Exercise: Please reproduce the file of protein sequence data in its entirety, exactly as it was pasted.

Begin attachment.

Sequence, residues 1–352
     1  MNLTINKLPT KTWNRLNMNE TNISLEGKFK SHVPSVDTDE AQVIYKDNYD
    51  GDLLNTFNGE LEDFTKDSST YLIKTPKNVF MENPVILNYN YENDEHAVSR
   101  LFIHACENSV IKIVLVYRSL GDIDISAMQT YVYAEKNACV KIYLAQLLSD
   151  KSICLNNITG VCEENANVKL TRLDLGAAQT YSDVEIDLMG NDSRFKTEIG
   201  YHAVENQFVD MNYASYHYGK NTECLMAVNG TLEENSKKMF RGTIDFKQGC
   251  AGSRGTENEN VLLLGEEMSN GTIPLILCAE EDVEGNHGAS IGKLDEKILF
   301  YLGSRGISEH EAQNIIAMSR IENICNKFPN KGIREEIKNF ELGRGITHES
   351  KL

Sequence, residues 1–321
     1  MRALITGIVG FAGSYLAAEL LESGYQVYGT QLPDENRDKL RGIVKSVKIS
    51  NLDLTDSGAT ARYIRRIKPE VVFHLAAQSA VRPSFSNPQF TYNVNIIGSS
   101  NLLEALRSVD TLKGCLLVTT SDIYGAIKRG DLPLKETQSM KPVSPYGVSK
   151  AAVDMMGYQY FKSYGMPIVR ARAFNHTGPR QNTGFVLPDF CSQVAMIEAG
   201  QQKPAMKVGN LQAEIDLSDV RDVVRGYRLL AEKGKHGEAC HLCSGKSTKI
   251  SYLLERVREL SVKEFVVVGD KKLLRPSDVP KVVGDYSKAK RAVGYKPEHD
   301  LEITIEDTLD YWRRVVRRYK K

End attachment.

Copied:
Sequence, residues 1–352
     1  MNLTINKLPT KTWNRLNMNE TNISLEGKFK SHVPSVDTDE AQVIYKDNYD
    51  GDLLNTFNGE LEDFTKDSST YLIKTPKNVF MENPVILNYN YENDEHAVSR
   101  LFIHACENSV IKIVLVYRSL GDIDISAMQT YVYAEKNACV KIYLAQLLSD
   151  KSICLNNITG VCEENANVKL TRLDLGAAQT YSDVEIDLMG NDSRFKTEIG
   201  YHAVENQFVD MNYASYHYGK NTECLMAVNG TLEENSKKMF RGTIDFKQGC
   251  AGSRGTENEN VLLLGEEMSN GTIPLILCAE EDVEGNHGAS IGKLDEKILF
   301  YLGSRGISEH EAQNIIAMSR IENICNKFPN KGIREEIKNF ELGRGITHES
   351  KL

Sequence, residues 1–321
     1  MRALITGIVG FAGSYLAAEL LESGYQVYGT QLPDENRDKL RGIVKSVKIS
    51  NLDLTDSGAT ARYIRRIKPE VVFHLAAQSA VRPSFSNPQF TYNVNIIGSS
   101  NLLEALRSVD TLKGCLLVTT SDIYGAIKRG DLPLKETQSM KPVSPYGVSK
   151  AAVDMMGYQY FKSYGMPIVR ARAFNHTGPR QNTGFVLPDF CSQVAMIEAG
   201  QQKPAMKVGN LQAEIDLSDV RDVVRGYRLL AEKGKHGEAC HLCSGKSTKI
   251  SYLLERVREL SVKEFVVVGD KKLLRPSDVP KVVGDYSKAK RAVGYKPEHD
   301  LEITIEDTLD YWRRVVRRYK K